Another lower boundary condition affecting typhoon-induced rainfall is the SST on the track of a typhoon. SST can change the intensity of typhoons and affects typhoon-induced rainfall. In general, the rainfall rate of typhoons tends to increase with typhoon intensity (Lin et al. 2015). Tao and Zhang (2014) found that TC intensity is significantly affected by SST, vertical wind shear, and mid-tropospheric relative humidity (RH). Large vertical wind shears tilt the structure of the TC, reducing diabatic heating release and hindering primary circulation of the TC by disrupting the development of vorticity in the mid-troposphere. Conversely, a warmer SST straightens the skewed vertical structure of the TC, increases resistance to unfavorable conditions, and increases diabatic heating near the TC center (Kanada et al. 2017). The lower-mid tropospheric RH in the tropics is also affected by SST. If the RH near the TC is reduced due to a lower SST, the convection in the TC center is weakened, and the TC size or TC rainfall area decreases with decreasing RH. Therefore, it has been proposed that the TC intensification is prompted by warmer SSTs underlying the TC.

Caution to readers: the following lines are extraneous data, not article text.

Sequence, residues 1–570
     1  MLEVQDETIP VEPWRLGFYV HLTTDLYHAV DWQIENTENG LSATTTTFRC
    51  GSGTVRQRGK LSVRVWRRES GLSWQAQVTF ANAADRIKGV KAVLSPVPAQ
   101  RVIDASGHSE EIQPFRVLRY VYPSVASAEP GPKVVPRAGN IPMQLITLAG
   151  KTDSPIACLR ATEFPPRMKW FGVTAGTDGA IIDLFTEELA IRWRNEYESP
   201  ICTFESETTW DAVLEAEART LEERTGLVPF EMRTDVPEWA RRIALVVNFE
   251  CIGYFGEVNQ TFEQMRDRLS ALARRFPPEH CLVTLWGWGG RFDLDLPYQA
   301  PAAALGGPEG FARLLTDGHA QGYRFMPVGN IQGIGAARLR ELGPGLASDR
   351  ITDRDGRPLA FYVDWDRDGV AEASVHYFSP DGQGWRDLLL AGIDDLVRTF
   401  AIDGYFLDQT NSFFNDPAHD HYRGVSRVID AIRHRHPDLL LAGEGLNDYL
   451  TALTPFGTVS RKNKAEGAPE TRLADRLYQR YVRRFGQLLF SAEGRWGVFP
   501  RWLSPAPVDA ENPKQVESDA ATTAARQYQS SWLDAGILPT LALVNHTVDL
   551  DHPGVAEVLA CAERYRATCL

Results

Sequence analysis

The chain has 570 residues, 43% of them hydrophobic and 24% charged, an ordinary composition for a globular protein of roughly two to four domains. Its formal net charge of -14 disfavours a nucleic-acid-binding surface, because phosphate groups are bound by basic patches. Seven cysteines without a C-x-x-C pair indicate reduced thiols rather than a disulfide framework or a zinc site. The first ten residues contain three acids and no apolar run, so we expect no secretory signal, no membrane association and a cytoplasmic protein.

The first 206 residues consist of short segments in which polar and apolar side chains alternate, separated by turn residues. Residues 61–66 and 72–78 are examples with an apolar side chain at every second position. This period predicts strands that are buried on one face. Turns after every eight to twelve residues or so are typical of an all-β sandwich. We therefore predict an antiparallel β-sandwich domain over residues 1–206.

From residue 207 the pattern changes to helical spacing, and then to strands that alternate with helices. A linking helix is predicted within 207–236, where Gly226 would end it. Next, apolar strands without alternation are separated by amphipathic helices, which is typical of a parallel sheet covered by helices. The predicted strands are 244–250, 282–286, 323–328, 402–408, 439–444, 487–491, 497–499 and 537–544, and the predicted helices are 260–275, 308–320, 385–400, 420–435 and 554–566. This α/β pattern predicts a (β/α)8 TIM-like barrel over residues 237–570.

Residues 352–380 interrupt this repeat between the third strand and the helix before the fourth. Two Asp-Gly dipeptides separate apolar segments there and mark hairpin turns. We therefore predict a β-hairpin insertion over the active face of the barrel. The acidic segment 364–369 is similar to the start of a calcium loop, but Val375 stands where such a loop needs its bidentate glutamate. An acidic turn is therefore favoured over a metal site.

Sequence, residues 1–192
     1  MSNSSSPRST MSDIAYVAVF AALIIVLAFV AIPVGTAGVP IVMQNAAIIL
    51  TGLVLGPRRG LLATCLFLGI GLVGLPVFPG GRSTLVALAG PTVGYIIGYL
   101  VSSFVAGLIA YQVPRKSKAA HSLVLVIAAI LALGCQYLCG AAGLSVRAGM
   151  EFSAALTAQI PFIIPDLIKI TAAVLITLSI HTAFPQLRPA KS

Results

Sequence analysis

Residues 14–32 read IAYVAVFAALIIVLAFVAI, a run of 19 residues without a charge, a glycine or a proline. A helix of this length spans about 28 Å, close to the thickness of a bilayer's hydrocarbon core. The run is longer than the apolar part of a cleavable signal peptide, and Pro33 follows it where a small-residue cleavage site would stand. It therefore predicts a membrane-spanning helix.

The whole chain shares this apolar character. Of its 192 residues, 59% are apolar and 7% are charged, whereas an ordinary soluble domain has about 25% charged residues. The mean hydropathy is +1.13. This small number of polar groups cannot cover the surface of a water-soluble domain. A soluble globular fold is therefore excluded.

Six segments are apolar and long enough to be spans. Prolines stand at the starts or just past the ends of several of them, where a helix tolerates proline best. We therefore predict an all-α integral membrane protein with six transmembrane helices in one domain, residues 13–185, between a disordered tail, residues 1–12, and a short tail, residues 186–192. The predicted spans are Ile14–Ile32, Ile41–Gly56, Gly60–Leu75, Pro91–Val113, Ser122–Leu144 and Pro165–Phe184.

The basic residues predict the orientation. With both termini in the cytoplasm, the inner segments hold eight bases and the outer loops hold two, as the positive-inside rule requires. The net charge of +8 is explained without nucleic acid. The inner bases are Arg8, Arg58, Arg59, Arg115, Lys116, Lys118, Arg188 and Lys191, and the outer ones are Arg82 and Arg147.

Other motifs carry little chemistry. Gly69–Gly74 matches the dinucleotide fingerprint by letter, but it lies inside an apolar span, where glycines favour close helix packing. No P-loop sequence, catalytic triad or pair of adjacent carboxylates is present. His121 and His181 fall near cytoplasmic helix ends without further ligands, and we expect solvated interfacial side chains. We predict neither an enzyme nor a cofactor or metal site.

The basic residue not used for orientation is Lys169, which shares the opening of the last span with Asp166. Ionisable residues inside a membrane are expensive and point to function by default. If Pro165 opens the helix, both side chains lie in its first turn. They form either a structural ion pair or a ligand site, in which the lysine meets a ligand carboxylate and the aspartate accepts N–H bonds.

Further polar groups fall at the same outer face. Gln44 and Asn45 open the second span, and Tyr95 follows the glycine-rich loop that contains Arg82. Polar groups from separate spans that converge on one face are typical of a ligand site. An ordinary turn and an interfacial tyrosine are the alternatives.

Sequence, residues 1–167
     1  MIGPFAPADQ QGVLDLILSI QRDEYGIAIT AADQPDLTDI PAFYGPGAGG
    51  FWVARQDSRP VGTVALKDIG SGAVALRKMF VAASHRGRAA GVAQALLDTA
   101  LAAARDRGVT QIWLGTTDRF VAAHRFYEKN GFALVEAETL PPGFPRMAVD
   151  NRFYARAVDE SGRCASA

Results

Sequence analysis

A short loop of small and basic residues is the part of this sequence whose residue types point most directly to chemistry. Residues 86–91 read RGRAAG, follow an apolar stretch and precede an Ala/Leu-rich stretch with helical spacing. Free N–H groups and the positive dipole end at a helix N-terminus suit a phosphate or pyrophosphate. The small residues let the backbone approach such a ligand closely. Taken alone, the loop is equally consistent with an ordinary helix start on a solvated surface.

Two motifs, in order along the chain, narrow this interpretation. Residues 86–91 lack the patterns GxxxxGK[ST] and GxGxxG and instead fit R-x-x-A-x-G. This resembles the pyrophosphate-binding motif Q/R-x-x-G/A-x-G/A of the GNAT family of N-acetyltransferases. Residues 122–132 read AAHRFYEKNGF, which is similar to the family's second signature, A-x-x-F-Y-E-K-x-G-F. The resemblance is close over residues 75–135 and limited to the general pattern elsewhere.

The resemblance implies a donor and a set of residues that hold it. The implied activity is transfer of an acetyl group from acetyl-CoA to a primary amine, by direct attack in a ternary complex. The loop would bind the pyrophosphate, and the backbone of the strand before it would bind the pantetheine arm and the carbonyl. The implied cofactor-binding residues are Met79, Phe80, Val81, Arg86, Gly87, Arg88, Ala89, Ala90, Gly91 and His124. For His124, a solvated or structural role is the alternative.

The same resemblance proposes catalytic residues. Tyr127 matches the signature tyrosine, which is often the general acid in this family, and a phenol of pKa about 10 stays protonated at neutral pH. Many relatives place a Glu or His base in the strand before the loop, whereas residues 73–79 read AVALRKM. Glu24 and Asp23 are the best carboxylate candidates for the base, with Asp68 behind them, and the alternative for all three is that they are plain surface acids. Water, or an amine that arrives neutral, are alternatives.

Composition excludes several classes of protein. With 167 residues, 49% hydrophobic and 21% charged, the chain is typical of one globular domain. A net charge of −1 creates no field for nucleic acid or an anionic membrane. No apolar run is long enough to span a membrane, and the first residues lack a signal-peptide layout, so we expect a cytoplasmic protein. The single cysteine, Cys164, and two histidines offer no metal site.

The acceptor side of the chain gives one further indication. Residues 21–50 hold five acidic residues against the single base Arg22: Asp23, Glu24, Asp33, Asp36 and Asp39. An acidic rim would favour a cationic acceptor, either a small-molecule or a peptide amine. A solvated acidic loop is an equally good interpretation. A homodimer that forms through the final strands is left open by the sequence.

In the past few decades, the SST and the low troposphere temperature of the western North Pacific (WNP) have increased rapidly because of climate change. These increases have led to enhanced typhoon intensity and changes in environmental conditions, such as synoptic fields (Emanuel 2005; Webster et al. 2005; Kim et al. 2011; Liu and Zhang 2013). In the early fall, the genesis points of typhoons in the WNP shift northward to the mid-latitudes, with a subsequent increase in track density. Moreover, an increasing SST over the WNP has resulted in a decreasing vertical wind shear over the mid-latitude region, creating favorable conditions for the movement of typhoons northward to South Korea and Japan (Lee et al. 2019).

There have been several studies on Typhoon Chaba analyzing the storm intensity, storm surge, and rainfall with radar observation and weather forecast and ocean wave models (Jang et al. 2018; Kim et al. 2018; Yuk and Joh 2019; Do and Kim 2021). However, the reason for the heavy rainfall in Ulsan caused by Typhoon Chaba has not been examined. Therefore, in this study, we investigate the effects of orography and SST on heavy rainfall induced by Typhoon Chaba through numerical experiments using the WRF model. "Methods and experiment design" section describes the design and applications of numerical experiments. "Results and discussion" section presents the results of our experiments and discusses the topographic effects and influence of SST on the precipitation of Typhoon Chaba. Finally, the conclusions and scope for future research are presented in  "Summary and conclusion" section.

Methods and experiment design